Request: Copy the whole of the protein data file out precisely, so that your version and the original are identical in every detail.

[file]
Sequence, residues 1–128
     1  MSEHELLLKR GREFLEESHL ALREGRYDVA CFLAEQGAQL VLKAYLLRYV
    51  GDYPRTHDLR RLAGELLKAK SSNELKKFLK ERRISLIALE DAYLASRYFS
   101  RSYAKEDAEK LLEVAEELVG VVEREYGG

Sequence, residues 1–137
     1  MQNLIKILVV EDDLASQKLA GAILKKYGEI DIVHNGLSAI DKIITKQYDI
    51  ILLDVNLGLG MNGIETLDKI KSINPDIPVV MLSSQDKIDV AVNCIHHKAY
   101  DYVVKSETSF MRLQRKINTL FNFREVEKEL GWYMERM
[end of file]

Sequence, residues 1–128
     1  MSEHELLLKR GREFLEESHL ALREGRYDVA CFLAEQGAQL VLKAYLLRYV
    51  GDYPRTHDLR RLAGELLKAK SSNELKKFLK ERRISLIALE DAYLASRYFS
   101  RSYAKEDAEK LLEVAEELVG VVEREYGG

Sequence, residues 1–137
     1  MQNLIKILVV EDDLASQKLA GAILKKYGEI DIVHNGLSAI DKIITKQYDI
    51  ILLDVNLGLG MNGIETLDKI KSINPDIPVV MLSSQDKIDV AVNCIHHKAY
   101  DYVVKSETSF MRLQRKINTL FNFREVEKEL GWYMERM